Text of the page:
You don’t have to be a lifelong patron of the arts to plan a trip around a museum visit. History buffs, fashion aficionados, architecture enthusiasts—just about anyone who’s culturally curious—will all find treasure among a collection of new world-class museum facilities and groundbreaking, identity-driven exhibits across media. Read on for five new exhibits and museums that are worth building a trip around.
1. Regeneration: Black Cinema 1898–1971
Los Angeles, California
Tickets: $25 for adults, free for children and members. Advance reservations are required.
The first exhibition of its kind, this historical exploration of the history of Black cinema debuts on August 21 at the Academy Museum in Los Angeles. The ultra-buzzy new museum is a worthy destination in itself, an architectural knockout with a spherical, spaceship-looking theater and rooftop deck venue offering sweeping city views.
The second major exhibition since the museum’s 2021 opening, Regeneration will explore both the triumphs and also the challenges of Black American filmmakers from the medium’s earliest days through the civil rights movement. Expect rare and restored archival films, newsreels and home movies, photos, scripts, costumes, posters, and other impeccably curated relics. The exhibit will remain on view in the Marilyn and Jeffrey Katzenberg Gallery through April 9, 2023.
2. Lee Alexander McQueen: Mind, Mythos, Muse
Los Angeles, California
Tickets: $25 for adults (from outside of L.A. County), free for children and members. Advance reservations are required.
Since you’re already there, walk a few steps from the Academy Museum to the neighboring Los Angeles County Museum of Art for the Alexander McQueen exhibit. It’s the first McQueen exhibition on the West Coast, and it explores his process, innovations in both fashion and art, and also the interdisciplinary instincts that marked his career. Look for wardrobe from the collection of Regina J. Drucker as well as artworks from the museum’s permanent collection. The exhibit kicked off on April 24 and runs through October 9 at the Resnick Pavilion.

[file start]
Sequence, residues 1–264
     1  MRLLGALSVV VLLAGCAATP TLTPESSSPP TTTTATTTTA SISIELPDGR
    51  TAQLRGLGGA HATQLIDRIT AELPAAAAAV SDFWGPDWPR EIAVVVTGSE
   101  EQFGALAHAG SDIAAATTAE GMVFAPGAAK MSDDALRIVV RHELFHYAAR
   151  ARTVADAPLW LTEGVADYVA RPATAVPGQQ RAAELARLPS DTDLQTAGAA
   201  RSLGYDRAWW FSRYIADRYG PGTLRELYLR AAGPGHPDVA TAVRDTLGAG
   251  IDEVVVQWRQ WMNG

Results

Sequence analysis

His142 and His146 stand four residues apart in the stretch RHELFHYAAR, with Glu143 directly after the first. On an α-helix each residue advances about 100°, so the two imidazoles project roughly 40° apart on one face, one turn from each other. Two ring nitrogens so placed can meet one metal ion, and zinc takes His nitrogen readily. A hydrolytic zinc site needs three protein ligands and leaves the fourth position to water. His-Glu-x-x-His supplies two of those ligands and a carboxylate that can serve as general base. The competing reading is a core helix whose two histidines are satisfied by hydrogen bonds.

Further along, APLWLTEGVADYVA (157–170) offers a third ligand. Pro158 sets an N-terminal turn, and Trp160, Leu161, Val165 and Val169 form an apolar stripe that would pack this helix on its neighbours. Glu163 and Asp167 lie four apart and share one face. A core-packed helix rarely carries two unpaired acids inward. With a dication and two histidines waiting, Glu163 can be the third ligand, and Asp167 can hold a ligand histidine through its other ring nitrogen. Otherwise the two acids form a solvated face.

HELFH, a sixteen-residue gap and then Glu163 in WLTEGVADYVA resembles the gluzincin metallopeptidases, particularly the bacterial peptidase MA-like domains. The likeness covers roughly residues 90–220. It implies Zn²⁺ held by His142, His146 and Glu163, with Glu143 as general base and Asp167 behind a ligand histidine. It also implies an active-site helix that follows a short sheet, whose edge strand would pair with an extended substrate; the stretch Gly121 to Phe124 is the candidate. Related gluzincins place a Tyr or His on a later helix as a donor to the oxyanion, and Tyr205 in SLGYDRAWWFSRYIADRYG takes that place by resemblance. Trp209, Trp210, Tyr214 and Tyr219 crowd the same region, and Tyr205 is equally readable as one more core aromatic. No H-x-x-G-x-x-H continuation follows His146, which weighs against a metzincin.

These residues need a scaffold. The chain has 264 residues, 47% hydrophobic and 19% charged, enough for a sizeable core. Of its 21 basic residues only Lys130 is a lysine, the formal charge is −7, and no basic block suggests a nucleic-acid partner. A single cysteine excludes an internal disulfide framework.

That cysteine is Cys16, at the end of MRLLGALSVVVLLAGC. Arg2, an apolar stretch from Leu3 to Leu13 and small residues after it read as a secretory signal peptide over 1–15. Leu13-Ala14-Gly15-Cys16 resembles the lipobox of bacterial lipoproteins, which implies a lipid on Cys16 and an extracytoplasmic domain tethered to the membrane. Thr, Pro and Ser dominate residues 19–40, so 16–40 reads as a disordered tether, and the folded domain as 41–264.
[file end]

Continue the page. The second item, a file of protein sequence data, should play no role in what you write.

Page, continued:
Tickets: $25 for adults (from outside of Chicago), free for children and members. Advance ticket purchase is required for nonmembers.
The Art Institute of Chicago is hosting the country’s first major Cezanne retrospective in 25 years. (It’s also the first organized by the Art Institute of Chicago in more than 70 years.) The expansive exhibit explores the artist’s work across multiple media and genres. In all, there are 80 oil paintings, 40 watercolors and drawings, and two complete sketchbooks. Expect well-known works (Madame Cezanne in a Yellow Chair, Still Life with Apples) as well as rarely seen works from public and private collections across four continents. The exhibit includes allegorical paintings, impressionist landscapes, paintings of Montagne Sainte Victoire, portraits, and bather scenes. The exhibit opened on May 15 and runs through September 5.
Tickets: Free entry
This exhibition from Melbourne’s National Gallery of Victoria (NGV) collection spans hundreds of years of history and a wide range of media—about 400 works in all, including painting, drawing, photography, decorative arts, fashion, video, sculpture, and design. It’s the most historically broad exhibit of its kind by an Australian art institution.
Instead of trying to assemble a definitive history of queer arts, the exhibit looks to the NGV’s own collection through the lenses of queerness in sexuality, gender, politics, and attitude. Not all works are by artists who identify as queer: Some lived in eras when doing so wasn’t even possible, and some are from artists with another connection to queerness. The idea is to underscore the intersectionality of queerness and that LGBTQ+ rights are inextricably connected with other equality movements. The exhibit opened on March 10 and runs through August 22.
5. Grand Egyptian Museum
More than two decades ago, the Egyptian government announced a global competition to design a museum that would house the country’s most significant antiquities on a site just two kilometers from the Pyramids of Giza. The Irish firm Heneghan Peng Architects won that contest and got to work on designing an ultra-modern building. Construction began in 2005, but world events and other challenges delayed its completion over and over again. At long last, it’s set to open in 2022—with a target opening date of November.
When it does, it will be the world’s biggest archaeological museum complex, with more than 100,000 artifacts and the complete collection of King Tut’s treasures on view for the first time. (And yes, the actual Pyramids are right outside—so you’ll want to catch those during your visit, too.)